Following on from my previous post, I thought I’d extend my musings on the theme of water and the city, and accompany these with photography on the subject.
Having grown up in an island city that is also one of the biggest port cities in the world, I have always been in close proximity to the sea and to water in general. As such, when I travel, I find myself gravitating to cities that are similar in profile: major port cities of the past and present that lie on the sea or on the banks of a major river.
When I grow up, I think I could only live in a city that was not only on the water, but had an on-going relationship, nay, love affair with the water. I’ve thought carefully about this.
London, for example, would be a potential home, because of how the Thames continues to feature so strongly in the city’s consciousness and how it just inevitably winds its idyllic and unaffected way through the fabric of the city as it changes rapidly and dramatically.
New York, may not score very highly because of how its rivers, the East and the Hudson seem like such an afterthought. Living in New York, with its extensive subway system and its seven (?) bridges connecting the outer boroughs to Manhattan, one tends to forget that the rivers are even there.
Port cities like Shanghai or Hamburg would be fair game largely because of their still operating ports. Each time I’m in these cities, huddled up with a cocktail on the Bund or by the Pier, I get such a big thrill seeing the large and small container ships making their inexorable way across the majestic rivers – the Huangpu River （黄浦江）, and the Elbe River [Oh, the Elbe!].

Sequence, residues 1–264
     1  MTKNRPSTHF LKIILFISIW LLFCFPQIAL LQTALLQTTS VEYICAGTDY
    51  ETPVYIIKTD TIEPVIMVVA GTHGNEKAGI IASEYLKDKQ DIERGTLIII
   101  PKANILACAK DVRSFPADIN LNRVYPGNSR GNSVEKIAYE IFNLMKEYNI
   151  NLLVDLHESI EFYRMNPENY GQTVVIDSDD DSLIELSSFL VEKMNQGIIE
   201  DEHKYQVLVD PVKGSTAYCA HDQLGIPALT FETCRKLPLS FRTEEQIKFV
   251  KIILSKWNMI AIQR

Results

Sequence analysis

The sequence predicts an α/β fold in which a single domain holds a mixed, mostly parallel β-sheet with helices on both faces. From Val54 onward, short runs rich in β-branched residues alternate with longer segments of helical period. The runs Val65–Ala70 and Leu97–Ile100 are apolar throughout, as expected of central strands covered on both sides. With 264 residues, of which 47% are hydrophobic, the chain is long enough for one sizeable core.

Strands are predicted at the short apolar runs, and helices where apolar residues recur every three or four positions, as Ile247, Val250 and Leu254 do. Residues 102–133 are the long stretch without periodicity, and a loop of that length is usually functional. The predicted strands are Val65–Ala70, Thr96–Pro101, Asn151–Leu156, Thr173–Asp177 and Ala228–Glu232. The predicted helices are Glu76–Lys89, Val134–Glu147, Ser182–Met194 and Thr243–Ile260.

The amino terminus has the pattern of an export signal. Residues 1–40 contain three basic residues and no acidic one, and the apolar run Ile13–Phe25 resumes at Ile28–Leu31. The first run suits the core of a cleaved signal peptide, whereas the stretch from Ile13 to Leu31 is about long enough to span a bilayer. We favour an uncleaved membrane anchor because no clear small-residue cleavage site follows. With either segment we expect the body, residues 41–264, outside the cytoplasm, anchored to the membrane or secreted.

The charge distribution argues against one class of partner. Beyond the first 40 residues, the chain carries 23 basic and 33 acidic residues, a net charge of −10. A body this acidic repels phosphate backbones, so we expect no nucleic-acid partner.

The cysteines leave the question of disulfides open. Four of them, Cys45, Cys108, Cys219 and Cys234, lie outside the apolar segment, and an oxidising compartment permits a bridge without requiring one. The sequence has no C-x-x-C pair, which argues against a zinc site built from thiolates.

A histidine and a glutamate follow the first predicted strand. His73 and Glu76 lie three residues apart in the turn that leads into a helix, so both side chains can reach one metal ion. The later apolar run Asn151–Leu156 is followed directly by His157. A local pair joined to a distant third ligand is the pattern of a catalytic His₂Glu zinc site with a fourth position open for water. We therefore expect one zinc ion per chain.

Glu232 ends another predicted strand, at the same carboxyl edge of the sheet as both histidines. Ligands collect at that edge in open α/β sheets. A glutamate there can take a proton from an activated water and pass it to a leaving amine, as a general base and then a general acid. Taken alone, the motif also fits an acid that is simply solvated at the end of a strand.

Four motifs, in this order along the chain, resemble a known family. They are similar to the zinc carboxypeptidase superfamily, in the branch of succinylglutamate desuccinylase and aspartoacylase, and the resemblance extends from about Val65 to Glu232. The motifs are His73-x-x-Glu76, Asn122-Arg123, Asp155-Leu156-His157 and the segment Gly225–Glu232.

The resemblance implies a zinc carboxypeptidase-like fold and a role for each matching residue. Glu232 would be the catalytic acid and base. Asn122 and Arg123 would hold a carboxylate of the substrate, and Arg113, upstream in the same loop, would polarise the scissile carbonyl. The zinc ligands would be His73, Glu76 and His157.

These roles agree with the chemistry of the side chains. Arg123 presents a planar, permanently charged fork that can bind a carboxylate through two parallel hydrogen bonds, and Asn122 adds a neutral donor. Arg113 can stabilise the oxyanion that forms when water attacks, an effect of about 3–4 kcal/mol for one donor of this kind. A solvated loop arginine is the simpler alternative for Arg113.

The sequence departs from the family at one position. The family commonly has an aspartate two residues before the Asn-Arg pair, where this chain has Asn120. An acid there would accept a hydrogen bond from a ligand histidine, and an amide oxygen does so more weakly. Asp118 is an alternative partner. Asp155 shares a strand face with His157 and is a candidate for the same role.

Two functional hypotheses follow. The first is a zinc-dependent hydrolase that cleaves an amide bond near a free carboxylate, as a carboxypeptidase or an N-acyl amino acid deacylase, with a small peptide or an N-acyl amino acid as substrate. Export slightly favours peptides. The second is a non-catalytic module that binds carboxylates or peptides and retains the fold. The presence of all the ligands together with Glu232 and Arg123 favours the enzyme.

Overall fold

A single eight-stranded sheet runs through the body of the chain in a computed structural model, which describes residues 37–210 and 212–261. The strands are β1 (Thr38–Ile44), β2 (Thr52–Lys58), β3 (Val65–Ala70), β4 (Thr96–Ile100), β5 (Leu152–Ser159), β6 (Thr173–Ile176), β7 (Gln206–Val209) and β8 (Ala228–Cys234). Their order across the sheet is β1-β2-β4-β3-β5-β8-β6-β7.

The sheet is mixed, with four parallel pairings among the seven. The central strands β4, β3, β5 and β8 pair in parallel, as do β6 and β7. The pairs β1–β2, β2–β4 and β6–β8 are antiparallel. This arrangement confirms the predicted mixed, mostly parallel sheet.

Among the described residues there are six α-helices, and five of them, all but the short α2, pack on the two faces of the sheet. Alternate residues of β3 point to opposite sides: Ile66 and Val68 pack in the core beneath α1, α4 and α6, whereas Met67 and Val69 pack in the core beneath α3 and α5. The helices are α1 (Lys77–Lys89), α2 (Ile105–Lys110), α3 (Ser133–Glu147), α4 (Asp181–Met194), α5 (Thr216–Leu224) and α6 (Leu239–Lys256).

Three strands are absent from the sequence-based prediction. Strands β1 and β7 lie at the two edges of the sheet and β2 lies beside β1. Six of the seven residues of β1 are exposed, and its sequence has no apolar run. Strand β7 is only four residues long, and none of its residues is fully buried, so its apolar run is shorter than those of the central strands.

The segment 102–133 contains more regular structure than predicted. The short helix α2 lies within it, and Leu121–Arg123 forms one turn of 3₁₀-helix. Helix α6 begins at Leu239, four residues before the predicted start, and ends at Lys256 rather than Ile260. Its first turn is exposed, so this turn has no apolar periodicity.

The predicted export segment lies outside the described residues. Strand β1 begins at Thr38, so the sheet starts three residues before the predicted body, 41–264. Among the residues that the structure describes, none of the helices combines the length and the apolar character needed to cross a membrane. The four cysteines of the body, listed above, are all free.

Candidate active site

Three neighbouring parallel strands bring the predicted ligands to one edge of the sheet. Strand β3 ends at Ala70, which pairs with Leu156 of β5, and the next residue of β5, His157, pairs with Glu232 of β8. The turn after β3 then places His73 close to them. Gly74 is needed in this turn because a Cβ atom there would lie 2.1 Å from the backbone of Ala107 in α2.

Canal cities are hit and miss. Amsterdam – with its well-maintained canals that are still important transport arteries; and with its hundreds of houseboats bobbing on the water – I would love to spend some part of my life in. In fact, I want one of those houseboats!
Venice, with its evocative Grand Canal and shady lesser canals I could revisit again and again and again. But to live in…nah. Maybe in another time, long past.
Bangkok, which has in the last century, shifted the centre of its city away from the mighty Chao Praya and its half-forgotten canals, I would not consider. It is now paying the price for neglecting to sufficiently respect the water.
饮水思源– when you drink water, think of its source, so the old Chinese idiom goes. It means to respect one’s roots and never forget them. I’d like to think it also means take care of your water, and it will take care of you.